Build A Simple Research Assistant With Python

python research assistant img

PYTHON RESEARCH ASSISTANT 101

Among other great stuffs we can do with python, research and information sourcing can be done better and faster with python. In this tutorial we are going to build a simple research assistant with a few lines of code.

Meanwhile, we’ll be using a few python modules like Wikipedia and Pywhatkit to make this brief project fun and effective.

REQUIRED KNOWLEDGE.

The difficulty rate for this particular Python Research Assistant is beginner/medium, and what’s required is not that much, once you already know the basics of python like lists, importing of modules, python scope, indentation, for and while loops, try and except functions and a few other similar concepts, then this should be fun..

IN THIS TUTORIAL YOU’LL LEARN:

  • How to import python modules
  • How to use the wikipedia module to get basic information about anything quick
  • How to use the Pywhatkit module to get basic information about anything quick, play a youtube video and even more
  • How to create and run functions in python
  • How to use for and while loops alongside with try and except

Let the coding begin!

First off, let’s start with Pywhatkit: this is a Python library with various helpful features. It is an easy to use library which does not require you to do some additional setup.

Pywhatkit doesn’t come preinstalled with python, but can install it with pip or pip3 by simply running: pip install pywhakit on your command line.

Then import the module whenever you want to use it.

import pywhatkit as kit

On the code above we imported pywhatkit as kit, you can import yours as whatever makes coding easy, it could be pk or anything similar. But remember that your code should always follow conventions, someone else will probably work on codes in future.

This module could also be used to send images and messages via whatsapp, play youtube videos, search the web, convert text to handwritten images and more. But for this brief tutorial we are basically going to use it to make a simple research assistant.

To get the full documentation on pywhatkit module click here

Now let’s see how this works:

#import pywhatkit
import pywhatkit as kit

#Get information about python in 5 lines/paragraphs
kit.info('python', 5)

The code above will give the following output:

Python is an interpreted high-level general-purpose programming language. Its design philosophy emphasizes code readability with its use of significant indentation. Its language constructs as well as its object-oriented approach aim to help programmers write clear, logical code for small and large-scale projects.Python is dynamically-typed and garbage-collected. It supports multiple programming paradigms, including structured (particularly, procedural), object-oriented and functional programming. It is often described as a "batteries included" language due to its comprehensive standard library.Guido van Rossum began working on Python in the late 1980s, as a successor to the ABC programming language, and first released it in 1991 as Python 0.9.0.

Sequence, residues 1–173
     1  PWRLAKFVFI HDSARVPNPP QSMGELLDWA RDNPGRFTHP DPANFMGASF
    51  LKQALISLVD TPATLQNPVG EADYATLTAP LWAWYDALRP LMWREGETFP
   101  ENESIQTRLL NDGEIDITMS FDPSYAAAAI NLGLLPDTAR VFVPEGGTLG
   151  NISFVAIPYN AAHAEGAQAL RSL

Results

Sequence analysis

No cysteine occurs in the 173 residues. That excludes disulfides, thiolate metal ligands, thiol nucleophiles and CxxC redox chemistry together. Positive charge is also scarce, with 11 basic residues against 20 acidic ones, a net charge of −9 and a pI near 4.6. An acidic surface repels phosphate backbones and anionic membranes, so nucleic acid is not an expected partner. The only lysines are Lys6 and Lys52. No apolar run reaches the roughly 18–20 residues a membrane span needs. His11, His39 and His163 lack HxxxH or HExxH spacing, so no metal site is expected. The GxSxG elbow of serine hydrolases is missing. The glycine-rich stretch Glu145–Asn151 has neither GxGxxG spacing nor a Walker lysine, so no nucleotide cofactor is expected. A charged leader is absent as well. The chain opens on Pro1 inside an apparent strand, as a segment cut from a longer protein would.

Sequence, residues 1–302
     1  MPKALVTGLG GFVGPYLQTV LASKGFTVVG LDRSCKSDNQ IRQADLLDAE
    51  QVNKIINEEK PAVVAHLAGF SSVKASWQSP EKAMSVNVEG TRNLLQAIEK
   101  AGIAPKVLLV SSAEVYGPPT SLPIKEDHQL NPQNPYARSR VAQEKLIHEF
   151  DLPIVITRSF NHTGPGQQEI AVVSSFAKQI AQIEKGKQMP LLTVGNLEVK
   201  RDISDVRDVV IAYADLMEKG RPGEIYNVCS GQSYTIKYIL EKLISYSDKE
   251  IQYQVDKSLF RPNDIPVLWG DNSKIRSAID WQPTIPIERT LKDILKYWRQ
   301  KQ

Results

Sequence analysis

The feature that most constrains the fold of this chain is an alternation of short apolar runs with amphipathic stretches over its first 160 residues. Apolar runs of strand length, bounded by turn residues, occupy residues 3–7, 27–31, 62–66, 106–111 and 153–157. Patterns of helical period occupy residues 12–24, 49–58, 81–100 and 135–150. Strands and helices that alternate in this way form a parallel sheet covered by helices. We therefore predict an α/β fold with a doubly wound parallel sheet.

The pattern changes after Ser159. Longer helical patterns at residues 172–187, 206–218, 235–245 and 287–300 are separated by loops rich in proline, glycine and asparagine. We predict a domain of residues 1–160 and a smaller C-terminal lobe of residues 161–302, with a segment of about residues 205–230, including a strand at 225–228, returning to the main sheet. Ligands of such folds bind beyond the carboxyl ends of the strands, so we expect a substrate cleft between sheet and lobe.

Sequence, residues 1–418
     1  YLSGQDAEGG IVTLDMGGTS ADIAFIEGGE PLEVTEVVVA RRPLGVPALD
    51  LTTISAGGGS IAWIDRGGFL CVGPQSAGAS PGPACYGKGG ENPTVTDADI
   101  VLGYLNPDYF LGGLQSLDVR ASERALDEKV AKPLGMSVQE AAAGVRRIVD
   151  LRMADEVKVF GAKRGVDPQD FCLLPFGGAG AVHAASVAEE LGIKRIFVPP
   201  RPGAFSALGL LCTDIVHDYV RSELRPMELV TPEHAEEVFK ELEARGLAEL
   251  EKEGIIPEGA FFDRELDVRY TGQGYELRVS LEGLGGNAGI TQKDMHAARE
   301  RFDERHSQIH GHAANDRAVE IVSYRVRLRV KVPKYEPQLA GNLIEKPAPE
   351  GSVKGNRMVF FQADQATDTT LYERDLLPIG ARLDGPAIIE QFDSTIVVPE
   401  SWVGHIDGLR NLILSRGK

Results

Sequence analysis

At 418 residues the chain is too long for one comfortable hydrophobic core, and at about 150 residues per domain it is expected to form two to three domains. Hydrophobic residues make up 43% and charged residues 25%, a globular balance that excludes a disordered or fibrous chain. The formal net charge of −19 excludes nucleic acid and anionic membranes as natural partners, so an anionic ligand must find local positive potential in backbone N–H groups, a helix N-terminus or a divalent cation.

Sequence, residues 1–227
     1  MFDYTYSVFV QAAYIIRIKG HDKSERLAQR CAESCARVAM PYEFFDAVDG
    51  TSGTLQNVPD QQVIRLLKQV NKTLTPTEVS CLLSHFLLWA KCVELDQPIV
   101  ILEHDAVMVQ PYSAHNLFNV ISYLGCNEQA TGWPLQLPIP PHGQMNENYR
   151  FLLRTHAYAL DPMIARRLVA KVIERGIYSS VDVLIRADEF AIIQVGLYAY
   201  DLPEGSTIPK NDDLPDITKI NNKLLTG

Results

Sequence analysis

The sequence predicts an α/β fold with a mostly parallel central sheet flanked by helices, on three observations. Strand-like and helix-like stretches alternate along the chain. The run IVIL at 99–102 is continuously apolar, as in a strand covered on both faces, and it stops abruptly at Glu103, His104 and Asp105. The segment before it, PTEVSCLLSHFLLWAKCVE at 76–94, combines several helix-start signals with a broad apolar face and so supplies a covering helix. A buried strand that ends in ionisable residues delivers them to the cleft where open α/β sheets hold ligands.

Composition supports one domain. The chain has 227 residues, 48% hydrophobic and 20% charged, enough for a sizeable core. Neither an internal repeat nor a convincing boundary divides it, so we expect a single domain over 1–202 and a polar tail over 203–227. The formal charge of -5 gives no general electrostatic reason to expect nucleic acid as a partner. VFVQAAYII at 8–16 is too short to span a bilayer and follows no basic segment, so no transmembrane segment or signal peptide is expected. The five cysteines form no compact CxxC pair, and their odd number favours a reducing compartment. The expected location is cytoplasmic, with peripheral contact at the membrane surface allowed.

Normally you’d want to save the output to a variable or to a file. However, before you do that, try and check the return type first. Let’s use a different approach so we can see the return type.

import pywhatkit as kit

sourced = kit.info('python', 5)
print('\n'*2)
print(type(sourced))

See output below:

Python is an interpreted high-level general-purpose programming language. Its design philosophy emphasizes code readability with its use of significant indentation. Its language constructs as well as its object-oriented approach aim to help programmers write clear, logical code for small and large-scale projects.Python is dynamically-typed and garbage-collected. It supports multiple programming paradigms, including structured (particularly, procedural), object-oriented and functional programming. It is often described as a "batteries included" language due to its comprehensive standard library.Guido van Rossum began working on Python in the late 1980s, as a successor to the ABC programming language, and first released it in 1991 as Python 0.9.0.



<class 'NoneType'>

The output below means that the return type is ‘None’

In essence, if you’d like to do something useful with this sourced information then you should rather use wikipedia.

It’s actually similar to pywhatkit. You just install with pip: pip install wikipedia via command line, then you import the module.

import wikipedia as wk

Wikipedia module has some good features just like pywhatkit that’d be useful for any python research assistant program like .summary, .search, .page. W e can even change/set the language to the language of our choice with the .set_lang.

Now let’s see them in action:

import wikipedia as wk

sourced = wk.summary('python', sentences = 5)
print(sourced)

Output: